BAKU / GENEVA (22 September 2016) – United Nations independent expert Michel Forst today urged the Government of Azerbaijan to stop criminalisation of peaceful and legitimate activities by human rights defenders, release all detained defenders and rescind criminal and administrative sanctions against them and their families.
“Over the last three years, the civil society of Azerbaijan has faced the worst situation since its independence,” said the UN Special Rapporteur on the situation of human rights defenders at the end of the first visit* to the country, while stressing that dozens of NGOs, their leaders, employees and their families have been subject to administrative and legal persecution, including the seizure of their assets and bank accounts, travel bans, enormous tax penalties and even imprisonment.
“At least 20 journalists and bloggers have been sanctioned in some way for the expression of critical views, and independent media outlets have had their licences revoked,” Mr Forst noted.
“Even if freedom of assembly is critical for social dialogue on critical issues, Azerbaijani authorities have curtailed the right through regulating assembly in a broad range of circumstances and denied requests for public meetings by critical human rights defenders,” the UN expert said.
Besides the incidents of violent responses to peaceful protests and arrests of demonstrators, Mr. Forst documented during the visit at least 45 cases of individuals and defenders who were warned, arrested and detained prior to the peaceful assembly on 17 September, connected to the upcoming referendum on constitutional amendments on 26 September.
According to the expert, the recent large-scale persecution of domestic and international NGOs in Azerbaijan encompassed the closure of those NGOs, seizure of organization’s bank accounts and those of its leaders; repeated interrogation of employees of NGOs; tax inspections of NGO financial activities with heavy penalties as a result; travel bans; as well as degrading and discriminatory physical checks of NGO staff at border crossing points.
“The already challenging environment for NGOs has turned into a total crisis due to the 2013-2015 legislative amendments on civil society regulations,” pointed out the Special Rapporteur. He also expressed concern about their drastic effect on the right to freedom of association, preventing rights defenders from operating without obtaining onerous state registration, curtailing access to funding, and increasing administrative penalties for NGOs.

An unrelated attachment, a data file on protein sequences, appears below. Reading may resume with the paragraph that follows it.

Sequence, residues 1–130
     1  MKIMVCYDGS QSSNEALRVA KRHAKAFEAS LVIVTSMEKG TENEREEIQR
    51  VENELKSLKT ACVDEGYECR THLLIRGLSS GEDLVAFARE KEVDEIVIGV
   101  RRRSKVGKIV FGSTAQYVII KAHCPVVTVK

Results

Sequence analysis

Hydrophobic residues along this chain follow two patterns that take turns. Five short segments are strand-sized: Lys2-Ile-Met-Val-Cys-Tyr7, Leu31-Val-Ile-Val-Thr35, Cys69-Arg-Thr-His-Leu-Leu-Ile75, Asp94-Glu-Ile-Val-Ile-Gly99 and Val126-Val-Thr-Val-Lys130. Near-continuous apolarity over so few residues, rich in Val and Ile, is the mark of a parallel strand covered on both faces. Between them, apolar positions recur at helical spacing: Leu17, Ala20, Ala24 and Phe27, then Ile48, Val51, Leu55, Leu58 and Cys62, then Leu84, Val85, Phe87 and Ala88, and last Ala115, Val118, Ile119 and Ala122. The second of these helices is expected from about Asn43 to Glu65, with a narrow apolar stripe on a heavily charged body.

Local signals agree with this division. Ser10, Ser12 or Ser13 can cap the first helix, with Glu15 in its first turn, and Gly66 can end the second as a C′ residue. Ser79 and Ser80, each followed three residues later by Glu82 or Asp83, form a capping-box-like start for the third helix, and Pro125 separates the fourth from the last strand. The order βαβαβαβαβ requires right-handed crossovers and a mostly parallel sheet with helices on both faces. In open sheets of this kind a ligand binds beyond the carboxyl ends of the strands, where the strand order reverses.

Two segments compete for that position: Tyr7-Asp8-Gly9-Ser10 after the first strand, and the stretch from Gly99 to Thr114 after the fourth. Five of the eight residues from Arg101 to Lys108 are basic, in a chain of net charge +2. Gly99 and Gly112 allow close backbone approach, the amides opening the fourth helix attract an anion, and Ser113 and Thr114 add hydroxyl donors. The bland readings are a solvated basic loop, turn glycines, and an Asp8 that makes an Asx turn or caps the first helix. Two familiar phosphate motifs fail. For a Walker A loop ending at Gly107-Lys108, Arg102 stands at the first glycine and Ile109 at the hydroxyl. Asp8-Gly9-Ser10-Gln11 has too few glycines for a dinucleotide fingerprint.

He regretted “a punitive attitude to human rights defenders,” and encouraged the Government to “embrace a more supportive approach to civil society, despite possible disagreements and criticism of its policies.”
Observing that most of recommendations by the international and regional human rights mechanisms have yet to be implemented by the Government of Azerbaijan,
Mr Forst strongly called for establishing a mechanism that would result in a plan of action to implement those outstanding recommendations.
He urged the Government to “to build bridges with civil society organizations, and to establish a regular and meaningful dialogue with human rights defenders, ensuring broad and inclusive participation. I believe such dialogue and partnership is ultimately in the interest of the Azerbaijani State,” the expert stressed.
The UN Special Rapporteur expressed his readiness for further constructive dialogue to identify ways to strengthen civil society space and support endeavours by the Government in reviewing the current legislation and practices to bring them in line with international standards.
During his nine-day visit, at the invitation of the Government, the expert met with State officials, members of the judiciary, ombudsman as well as human rights defenders and representatives of civil society, media, and the diplomatic community.
Mr. Forst will present a final report with his findings and recommendations to the Human Rights Council in March 2017.
(*) Check the Special Rapporteur’s full end of mission statement:
Mr. Michel Forst (France) was appointed by the Human Rights Council as the UN Special Rapporteur on the situation of human rights defenders in 2014. Michel Forst has extensive experience on human rights issues and particularly on the situation of human rights defenders. In particular, he was the Director General of Amnesty International (France) and Secretary General of the first World Summit on Human Rights Defenders in 1998. For more information, log on to:
The Special Rapporteurs are part of what is known as the Special Procedures of the Human Rights Council. Special Procedures, the largest body of independent experts in the UN Human Rights, is the general name of the independent fact-finding and monitoring mechanisms of the Human Rights Council that address either specific country situations or thematic issues in all parts of the world. Special Procedures’ experts work on a voluntary basis; they are not UN staff and do not receive a salary for their work. They are independent from any government or organization and serve in their individual capacity.
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